A Culturally Validated Model of Student Success Services and Academic and Curriculum Enhancements at a Hispanic-Serving Institution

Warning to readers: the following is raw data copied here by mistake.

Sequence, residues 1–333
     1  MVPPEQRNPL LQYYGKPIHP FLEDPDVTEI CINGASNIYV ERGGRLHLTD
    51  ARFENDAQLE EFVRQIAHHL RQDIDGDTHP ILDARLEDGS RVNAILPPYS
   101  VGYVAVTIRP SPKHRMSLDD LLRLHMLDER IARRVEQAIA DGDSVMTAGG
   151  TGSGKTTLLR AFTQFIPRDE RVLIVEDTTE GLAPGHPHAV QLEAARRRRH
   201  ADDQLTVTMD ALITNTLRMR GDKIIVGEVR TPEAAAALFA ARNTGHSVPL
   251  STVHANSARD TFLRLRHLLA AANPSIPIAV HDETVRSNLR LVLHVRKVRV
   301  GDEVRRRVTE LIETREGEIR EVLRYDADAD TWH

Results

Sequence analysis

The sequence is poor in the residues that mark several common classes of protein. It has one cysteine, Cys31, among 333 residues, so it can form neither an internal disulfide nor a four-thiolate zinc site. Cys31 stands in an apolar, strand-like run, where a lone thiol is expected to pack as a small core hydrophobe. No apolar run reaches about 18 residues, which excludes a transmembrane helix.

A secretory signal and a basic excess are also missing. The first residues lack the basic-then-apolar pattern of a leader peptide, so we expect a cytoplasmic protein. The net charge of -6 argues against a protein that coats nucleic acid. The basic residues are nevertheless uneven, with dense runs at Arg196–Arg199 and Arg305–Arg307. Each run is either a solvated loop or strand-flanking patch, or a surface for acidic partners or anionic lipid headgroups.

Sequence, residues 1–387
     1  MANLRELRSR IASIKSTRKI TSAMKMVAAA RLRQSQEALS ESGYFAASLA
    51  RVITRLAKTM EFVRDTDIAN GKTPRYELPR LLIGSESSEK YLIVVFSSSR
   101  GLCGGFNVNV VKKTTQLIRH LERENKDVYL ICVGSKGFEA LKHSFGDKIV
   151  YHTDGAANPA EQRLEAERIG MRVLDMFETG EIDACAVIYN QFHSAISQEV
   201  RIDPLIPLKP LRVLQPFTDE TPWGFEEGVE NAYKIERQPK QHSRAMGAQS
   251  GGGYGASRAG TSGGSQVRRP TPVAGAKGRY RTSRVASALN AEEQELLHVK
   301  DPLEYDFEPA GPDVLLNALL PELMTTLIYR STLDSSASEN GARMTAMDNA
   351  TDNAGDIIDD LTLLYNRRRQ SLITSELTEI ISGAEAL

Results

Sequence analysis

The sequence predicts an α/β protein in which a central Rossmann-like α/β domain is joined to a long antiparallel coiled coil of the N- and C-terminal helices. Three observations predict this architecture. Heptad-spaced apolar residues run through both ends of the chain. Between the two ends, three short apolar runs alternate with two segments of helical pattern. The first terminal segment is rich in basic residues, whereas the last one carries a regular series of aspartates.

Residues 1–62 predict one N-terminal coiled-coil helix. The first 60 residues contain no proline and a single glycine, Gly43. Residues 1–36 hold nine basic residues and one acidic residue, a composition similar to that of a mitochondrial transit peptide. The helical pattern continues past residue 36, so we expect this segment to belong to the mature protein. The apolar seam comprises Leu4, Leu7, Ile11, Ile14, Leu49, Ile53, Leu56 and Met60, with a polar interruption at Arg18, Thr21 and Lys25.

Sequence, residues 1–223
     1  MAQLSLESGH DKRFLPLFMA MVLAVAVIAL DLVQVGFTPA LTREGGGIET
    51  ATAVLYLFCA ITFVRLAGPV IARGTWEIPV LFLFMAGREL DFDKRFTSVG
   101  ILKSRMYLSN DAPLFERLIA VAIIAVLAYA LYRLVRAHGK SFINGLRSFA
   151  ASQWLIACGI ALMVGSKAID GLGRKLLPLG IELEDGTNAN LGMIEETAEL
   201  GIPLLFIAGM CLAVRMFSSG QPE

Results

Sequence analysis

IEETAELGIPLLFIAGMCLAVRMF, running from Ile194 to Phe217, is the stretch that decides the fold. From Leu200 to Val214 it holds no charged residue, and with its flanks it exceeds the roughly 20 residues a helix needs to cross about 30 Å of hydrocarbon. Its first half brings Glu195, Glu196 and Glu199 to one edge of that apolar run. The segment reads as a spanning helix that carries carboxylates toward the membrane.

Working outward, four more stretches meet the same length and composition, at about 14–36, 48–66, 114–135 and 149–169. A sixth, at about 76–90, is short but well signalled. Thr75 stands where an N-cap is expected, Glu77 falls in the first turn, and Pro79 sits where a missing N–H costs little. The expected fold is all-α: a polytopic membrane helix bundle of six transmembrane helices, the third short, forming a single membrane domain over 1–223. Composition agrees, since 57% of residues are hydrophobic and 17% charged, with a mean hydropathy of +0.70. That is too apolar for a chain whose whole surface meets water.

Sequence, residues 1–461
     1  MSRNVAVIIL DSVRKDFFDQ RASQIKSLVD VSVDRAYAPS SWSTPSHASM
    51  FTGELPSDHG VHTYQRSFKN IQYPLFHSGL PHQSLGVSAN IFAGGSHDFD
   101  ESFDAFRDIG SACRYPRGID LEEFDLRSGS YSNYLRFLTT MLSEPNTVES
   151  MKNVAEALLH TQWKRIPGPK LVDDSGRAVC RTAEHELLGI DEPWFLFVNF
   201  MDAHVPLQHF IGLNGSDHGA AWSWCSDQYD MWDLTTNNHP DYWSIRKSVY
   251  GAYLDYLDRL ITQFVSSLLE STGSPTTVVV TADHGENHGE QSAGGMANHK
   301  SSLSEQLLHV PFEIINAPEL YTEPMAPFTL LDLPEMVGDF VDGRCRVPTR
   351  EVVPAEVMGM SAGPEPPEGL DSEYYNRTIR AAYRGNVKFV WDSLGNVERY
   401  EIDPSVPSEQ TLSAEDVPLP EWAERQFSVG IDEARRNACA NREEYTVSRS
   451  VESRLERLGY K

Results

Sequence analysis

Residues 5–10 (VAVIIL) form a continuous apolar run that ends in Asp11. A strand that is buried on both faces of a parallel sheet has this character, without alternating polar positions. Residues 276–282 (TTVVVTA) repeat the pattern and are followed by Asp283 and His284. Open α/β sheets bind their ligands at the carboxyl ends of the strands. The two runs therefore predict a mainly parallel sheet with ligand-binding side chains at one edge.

Though college enrollment rates for Mexican-American students have increased over the past years, Mexican-Americans still have one of the lowest rates for degree completion. However, more work is recognizing the strengths of students of Mexican descent, particularly those related to culture such as familism, and calling for asset-based programs that validate the student to increase student retention and persistence. Programs infused with such an approach likely address aspects that improve performance amongst Mexican-American students; however, evidence-based assessment is limited. This paper will detail an asset-based program that uses a culturally validated model of student success services and academic and curriculum enhancements at a Hispanic-Serving Institution to increase overall Latinx student retention and persistence. The program infuses Validation Theory (Rendon, 1994) to address cultural strengths of students and validate their life experiences as first-time freshmen, by creating a culturally relevant curriculum, enhancing culturally relevant student support services, and promoting education equity. Students involved in this program report a high level of belongingness at the university as well as have higher pass rates in their culturally validated courses. Recommendations are discussed for implementation of such a comprehensive program at other institutions as well as implications for higher education.